And it provides inmates themselves with workshops, job counseling and such services as banking. Once released, former offenders can get housing referrals, clothing, food and other help from Friends Outside.

Through the group’s national headquarters, full-time workers enter five prisons to keep the lines of communication open between prisoners and family members or “to build bridges for those out of touch with their families,” Ossman said. The five prisons are the institutions for men at Soledad, Tehachapi, San Luis Obispo and Chino and the Institution for Women at Frontera.

Volunteers at the local level visit jails to try to provide similar services, he said.

“We just get tremendous support from correctional officials all over,” Ossman said. “There’s a real strong recognition of the family-related needs of prisoners. Particularly when so many resources of jails and prisons are trying to deal with overcrowding, they look to us to provide some of these services and alleviate inmate tension.”

The group remains small. “We’re developing nationally, but we don’t really have resources,” Ossman said. “It depends on the initiative in local communities.”

In Orange County, founder Goodenough, who died in 1973, could get only a few women interested in helping inmates’ families. But in 1978, Newport Beach residents Bernice Ronford and Mary Dennigan organized a chapter of volunteers and soon won financial support from the St. Vincent de Paul Society.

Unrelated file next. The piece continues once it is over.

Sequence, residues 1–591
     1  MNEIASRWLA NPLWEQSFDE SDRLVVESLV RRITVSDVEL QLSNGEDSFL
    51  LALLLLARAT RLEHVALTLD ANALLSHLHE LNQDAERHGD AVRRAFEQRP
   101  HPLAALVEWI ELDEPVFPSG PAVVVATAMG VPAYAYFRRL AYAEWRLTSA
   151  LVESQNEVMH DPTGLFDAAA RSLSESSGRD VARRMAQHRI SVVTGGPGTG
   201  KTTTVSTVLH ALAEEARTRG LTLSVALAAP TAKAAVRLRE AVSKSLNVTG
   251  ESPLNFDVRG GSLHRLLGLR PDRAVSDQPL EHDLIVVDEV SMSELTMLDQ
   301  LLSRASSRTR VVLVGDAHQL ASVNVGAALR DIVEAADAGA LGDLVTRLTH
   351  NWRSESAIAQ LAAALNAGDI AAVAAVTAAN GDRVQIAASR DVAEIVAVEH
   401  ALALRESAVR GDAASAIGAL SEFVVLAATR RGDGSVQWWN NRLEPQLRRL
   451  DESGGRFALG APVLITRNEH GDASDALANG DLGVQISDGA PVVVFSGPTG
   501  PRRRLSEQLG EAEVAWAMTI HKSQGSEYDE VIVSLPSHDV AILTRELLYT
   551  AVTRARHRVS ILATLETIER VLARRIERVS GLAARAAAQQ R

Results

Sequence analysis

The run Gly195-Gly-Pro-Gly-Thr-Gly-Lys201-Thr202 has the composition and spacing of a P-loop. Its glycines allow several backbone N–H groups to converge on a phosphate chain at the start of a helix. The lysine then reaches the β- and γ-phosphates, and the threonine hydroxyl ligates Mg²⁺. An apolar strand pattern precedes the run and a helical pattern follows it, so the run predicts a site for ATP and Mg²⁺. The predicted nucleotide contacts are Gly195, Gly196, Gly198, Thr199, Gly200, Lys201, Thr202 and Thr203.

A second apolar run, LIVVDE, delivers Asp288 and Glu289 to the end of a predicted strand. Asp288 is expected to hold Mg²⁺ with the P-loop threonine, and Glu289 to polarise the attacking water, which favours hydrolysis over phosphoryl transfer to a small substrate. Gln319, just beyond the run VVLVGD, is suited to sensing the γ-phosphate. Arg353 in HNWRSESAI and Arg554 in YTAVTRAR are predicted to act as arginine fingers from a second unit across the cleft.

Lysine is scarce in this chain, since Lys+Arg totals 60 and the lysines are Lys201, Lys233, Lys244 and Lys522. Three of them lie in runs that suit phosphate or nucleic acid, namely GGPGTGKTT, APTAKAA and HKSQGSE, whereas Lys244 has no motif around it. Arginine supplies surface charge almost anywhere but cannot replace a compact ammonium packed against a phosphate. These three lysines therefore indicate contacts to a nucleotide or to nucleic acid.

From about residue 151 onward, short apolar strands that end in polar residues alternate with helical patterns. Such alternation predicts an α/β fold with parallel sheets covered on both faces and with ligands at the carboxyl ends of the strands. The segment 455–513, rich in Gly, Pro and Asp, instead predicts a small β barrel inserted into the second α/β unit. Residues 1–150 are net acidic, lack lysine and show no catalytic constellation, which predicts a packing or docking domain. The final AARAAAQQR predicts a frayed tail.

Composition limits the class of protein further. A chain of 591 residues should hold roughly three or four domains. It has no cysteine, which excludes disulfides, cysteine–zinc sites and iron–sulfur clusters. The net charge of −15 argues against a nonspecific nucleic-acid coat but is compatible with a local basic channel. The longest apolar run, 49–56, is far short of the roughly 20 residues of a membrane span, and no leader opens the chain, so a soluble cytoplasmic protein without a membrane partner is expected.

But it wasn’t until the last year that the organization was able to hire two full-time staff members, said Cathie Blackman, program coordinator for the local chapter.

Helped 37 Families

The group is organizing activities to raise funds for additional staff and services, Blackman said. When she joined the group in August, 1984, the local chapter serviced only seven families that month. Last month, she said, the local Friends Outside helped 37 families from its small office in Orange.

Funding for other chapters varies, Ossman said. Some rely totally on public donations, others on government contracts or grants. Eight receive United Way funds, he said.

Friends Outside hopes to get its message across to a wider group soon. Ossman said the organization is working with a film company on a made-for-television movie about women in prison and their custody battles for their children.

“A mother’s legal rights as a parent get trampled on when she goes to prison,” he said.

Friends Outside operates a program at the Frontera prison to help women decide what is realistic for their children, to help them remain in touch with social workers, to help them attend child-custody hearings and to promote visits. If necessary, the organization will refer inmates to attorneys, Ossman said.

Blackman sees the organization as a crime deterrent because maintaining family ties with inmates means not only fewer repeat offenders, but less violence and tension in the prisons themselves.

“Crime has just gotten out of hand,” she said. “The judges, the lawyers and others in the criminal justice system are nice people and they do what they can, but they can’t solve the problems themselves. So there’s a great responsibility on the community, through donations or volunteering time, to help deter crime.”